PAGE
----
Wednesday, 16 December 2009

"There are 779,788 speakers of Eureska, and there are almost that many who understand it..."

written 14th December 2009

... although I don't think that's quite what they meant to say... :)

San Sebastian, Donastia in the Basque language Eureska, sits round the shell-shaped beach, Playa de la Concha with Mount Igeldo at one end, Mount Urgill at the other and turtle-shaped Isla Santa Clara in the middle.  Due to it's river, the Urumea, it's position both on the pilgrimage route to Santiago del Compostela and the gateway to France, it has always been an important trade and defensive city.  Originally a walled city, clinging to the foot of Mount Urgill, next to the river estuary and marshland, it survived several wars, sieges and french occupation, until it was almost totally destroyed by fire in 1813 when Napoleon's army were driven out by the Anglo-Portuguese liberators, leaving only one street still standing.  It was nearly left to rot but the citizens themselves set about rebuilding it and subsequent growth over the next century, especially when the town became the holiday resort of choice of Queen Maria Cristina when she was advised that sea bathing would cure her skin afflictions, led to the demolition of parts of the city walls and expansion onto reclaimed marshland and along the playa Zurriola to the foot of Mount Ulia.

The geographical setting is exquisitely beautiful and much of the town is very pretty, although there was "a dark period of industrialisation which gave rise to several errors of urbanisation" which is a shame.  All in all though, in the run up to the bicentenary of the rebuild and in the midst of San Sebastian's application to become European Capital of Culture 2016, the mayor "acclaims our choice of alternative holiday destination"  which is very nice of him!  He has a lot of flowery rhetoric around the place, especially in the tourist brochure and museums :)

And I cycled up a mountain!!  a real one!!! (well the mayor says it is a mountain so who am I to argue!) and I didn't have to get off and walk!!!

Unfortunately, things didn't start well for us.  Driving into town from our Carrefour stopover, the traffic was terrible, there were no helpful tourist office signs, the rules of the road are very different (when waiting at traffic lights you don't go when your light goes green, you go when the pedestrian crossing light for people crossing the road in front of you goes red and you hoot at anyone who hangs around waiting for an actual green light), Will's "project was playing up and crashing and Jules wasn't happy.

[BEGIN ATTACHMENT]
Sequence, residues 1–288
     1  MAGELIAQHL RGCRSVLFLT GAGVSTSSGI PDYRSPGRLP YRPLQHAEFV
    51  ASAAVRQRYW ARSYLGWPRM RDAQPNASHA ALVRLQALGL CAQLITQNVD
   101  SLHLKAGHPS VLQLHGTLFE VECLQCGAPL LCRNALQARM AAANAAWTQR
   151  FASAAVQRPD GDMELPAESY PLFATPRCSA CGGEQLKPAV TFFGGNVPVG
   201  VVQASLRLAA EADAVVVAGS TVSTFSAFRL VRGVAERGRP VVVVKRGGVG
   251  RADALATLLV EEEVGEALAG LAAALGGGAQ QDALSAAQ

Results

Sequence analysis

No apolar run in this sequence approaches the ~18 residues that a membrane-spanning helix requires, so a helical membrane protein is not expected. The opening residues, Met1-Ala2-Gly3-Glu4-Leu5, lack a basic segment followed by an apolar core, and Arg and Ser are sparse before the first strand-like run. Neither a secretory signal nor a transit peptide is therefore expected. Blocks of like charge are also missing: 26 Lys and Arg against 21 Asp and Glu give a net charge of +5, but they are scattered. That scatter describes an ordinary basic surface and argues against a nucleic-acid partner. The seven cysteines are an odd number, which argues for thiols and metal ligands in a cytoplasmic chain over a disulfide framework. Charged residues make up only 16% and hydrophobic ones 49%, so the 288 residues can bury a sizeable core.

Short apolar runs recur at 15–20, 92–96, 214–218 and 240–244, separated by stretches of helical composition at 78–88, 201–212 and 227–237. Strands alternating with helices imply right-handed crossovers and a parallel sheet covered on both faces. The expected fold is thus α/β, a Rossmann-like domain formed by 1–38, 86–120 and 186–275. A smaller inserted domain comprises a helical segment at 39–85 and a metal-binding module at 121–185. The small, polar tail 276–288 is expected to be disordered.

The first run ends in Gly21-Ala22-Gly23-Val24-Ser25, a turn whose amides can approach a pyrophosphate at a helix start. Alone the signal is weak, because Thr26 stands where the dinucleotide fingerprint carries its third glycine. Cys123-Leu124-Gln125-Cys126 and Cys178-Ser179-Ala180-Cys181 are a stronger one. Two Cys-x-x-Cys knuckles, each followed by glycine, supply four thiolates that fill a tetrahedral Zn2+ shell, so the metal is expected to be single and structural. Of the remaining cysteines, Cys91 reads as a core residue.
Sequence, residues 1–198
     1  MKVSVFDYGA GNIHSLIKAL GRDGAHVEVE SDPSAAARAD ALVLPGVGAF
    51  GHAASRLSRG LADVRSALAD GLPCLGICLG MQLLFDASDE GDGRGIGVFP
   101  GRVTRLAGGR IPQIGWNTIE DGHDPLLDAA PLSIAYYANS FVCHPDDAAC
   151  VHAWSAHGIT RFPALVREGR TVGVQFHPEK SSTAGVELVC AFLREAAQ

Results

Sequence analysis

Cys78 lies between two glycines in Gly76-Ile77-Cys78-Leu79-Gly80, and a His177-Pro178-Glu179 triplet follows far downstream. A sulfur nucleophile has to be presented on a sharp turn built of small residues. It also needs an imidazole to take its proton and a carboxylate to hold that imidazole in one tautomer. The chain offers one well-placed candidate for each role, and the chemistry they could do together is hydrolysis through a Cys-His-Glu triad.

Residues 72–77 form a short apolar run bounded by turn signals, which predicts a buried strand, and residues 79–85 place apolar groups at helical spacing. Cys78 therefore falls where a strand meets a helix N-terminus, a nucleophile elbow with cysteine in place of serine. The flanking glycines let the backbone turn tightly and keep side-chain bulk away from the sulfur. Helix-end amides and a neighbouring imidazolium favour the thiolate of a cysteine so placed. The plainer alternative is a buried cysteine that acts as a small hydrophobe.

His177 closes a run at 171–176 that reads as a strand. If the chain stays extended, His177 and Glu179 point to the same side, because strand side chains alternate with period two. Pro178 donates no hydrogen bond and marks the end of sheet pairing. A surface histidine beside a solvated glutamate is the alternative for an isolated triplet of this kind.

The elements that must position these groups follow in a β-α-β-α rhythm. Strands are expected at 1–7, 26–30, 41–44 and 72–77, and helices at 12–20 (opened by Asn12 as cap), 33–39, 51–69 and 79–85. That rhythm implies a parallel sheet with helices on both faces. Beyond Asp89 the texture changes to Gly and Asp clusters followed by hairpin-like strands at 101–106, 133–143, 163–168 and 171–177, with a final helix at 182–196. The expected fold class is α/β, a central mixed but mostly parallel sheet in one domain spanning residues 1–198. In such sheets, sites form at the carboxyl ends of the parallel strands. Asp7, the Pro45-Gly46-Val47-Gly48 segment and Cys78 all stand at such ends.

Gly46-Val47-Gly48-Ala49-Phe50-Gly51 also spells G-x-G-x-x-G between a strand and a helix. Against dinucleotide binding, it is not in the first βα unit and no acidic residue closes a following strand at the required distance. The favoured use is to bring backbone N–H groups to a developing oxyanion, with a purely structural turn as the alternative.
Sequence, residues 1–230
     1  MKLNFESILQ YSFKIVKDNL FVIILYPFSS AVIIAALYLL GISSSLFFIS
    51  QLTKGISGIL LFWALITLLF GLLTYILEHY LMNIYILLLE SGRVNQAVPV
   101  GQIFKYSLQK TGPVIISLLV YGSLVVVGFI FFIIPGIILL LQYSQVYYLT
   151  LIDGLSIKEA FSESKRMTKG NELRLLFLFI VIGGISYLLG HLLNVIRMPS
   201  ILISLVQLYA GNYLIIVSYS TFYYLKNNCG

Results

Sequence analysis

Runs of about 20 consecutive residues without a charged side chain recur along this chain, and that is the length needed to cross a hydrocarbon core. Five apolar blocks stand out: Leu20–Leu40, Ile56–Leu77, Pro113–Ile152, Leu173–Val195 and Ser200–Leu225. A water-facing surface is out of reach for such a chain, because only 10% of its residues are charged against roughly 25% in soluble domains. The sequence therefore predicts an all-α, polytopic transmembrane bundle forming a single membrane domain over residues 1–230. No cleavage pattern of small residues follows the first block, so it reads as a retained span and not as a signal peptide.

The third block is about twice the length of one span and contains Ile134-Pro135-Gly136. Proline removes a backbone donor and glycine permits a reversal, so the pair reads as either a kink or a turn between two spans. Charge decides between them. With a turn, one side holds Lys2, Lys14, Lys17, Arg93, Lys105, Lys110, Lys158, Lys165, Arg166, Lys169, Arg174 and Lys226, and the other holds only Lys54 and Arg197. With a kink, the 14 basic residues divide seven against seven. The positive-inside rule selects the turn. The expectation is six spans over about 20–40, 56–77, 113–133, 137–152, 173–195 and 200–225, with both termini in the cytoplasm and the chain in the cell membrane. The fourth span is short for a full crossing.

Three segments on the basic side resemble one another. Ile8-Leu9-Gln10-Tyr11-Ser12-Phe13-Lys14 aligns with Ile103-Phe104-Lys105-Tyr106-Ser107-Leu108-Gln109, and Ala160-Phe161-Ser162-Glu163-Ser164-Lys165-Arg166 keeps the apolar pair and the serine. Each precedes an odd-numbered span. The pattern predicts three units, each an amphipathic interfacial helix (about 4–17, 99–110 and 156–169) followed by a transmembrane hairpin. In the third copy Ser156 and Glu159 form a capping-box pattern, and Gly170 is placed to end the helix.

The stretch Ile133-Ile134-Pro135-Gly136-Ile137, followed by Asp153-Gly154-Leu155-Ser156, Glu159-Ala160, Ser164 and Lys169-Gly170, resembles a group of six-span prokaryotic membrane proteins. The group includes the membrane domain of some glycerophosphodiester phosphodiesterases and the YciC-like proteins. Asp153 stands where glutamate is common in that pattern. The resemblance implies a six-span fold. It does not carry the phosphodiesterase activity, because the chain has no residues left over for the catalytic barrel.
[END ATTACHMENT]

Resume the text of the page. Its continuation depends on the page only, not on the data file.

Eventually we found a metered parking space which was fortunately free as it was lunchtime and Will set about trying to fix things whilst I set off on my bike in search of the tourist office (which was signed for pedestrians but not in the place where the lonely planet told me it was, having recent moved, so I spent a lot of time circling).  The woman was helpful though and I got maps and excellent guide brochure with walking tours and successfully foraged lunch - chocolate panini yum! - so we at least had food and a camping car spot to head for.

Unfortunately, Jules was still not happy and after a fraught couple of hours, racing against the traffic warden (max 90min stay once it started charging), Will eventually found two problems (always much harder to diagnose the symptoms) one of which was that wretched vacuum hose again - it's days are numbered! - so we were able to set off again in the rush hour traffic (not much different from the earlier traffic to be honest! - to find the camping-car spot.  Which was nice but St Clement++++ ;)

Deciding we needed cheering up, we set off on our bikes back round the bay to the old town for food and alcoholic comfort.  Although built around several inland hills, it isn't all that big (on the western side anyway) and there is a good network of cycle paths which take you where you need to go on nice flat bits although there are places where they are speed restricted to 5km/h - even I can't cycle that slowly!

We found the old town and set off for a wander in the busy streets (suddenly realising it was friday night hence the activity! - we really are struggling to know what day it is, except Sundays when we can't do anything!) and found the Lonely planet recommeded bar for pintxos (pronounced "pinchos") which are the Basque tapas like bar snacks - although to call them that really doesn't do them justice in some places.

We started with a beer and whatever was closest to point at at then after getting chatting to an Irish guy who is living in San Sebastian teaching english, we got some recommendations for things off the menu - solomillo's, individual sirloin steaks and deep fried crepes - so we got a bit more adventurous and were well rewarded. 

By the end of the evening, we had taught ourselves enough spanish to ask for 2 beers, 2 red wines, 2 coffees, say please, thank you, hello and goodbye, and can recognise the words for pork, ham, cheese, prawns, crab, squid and octopus - should be enough to keep us going!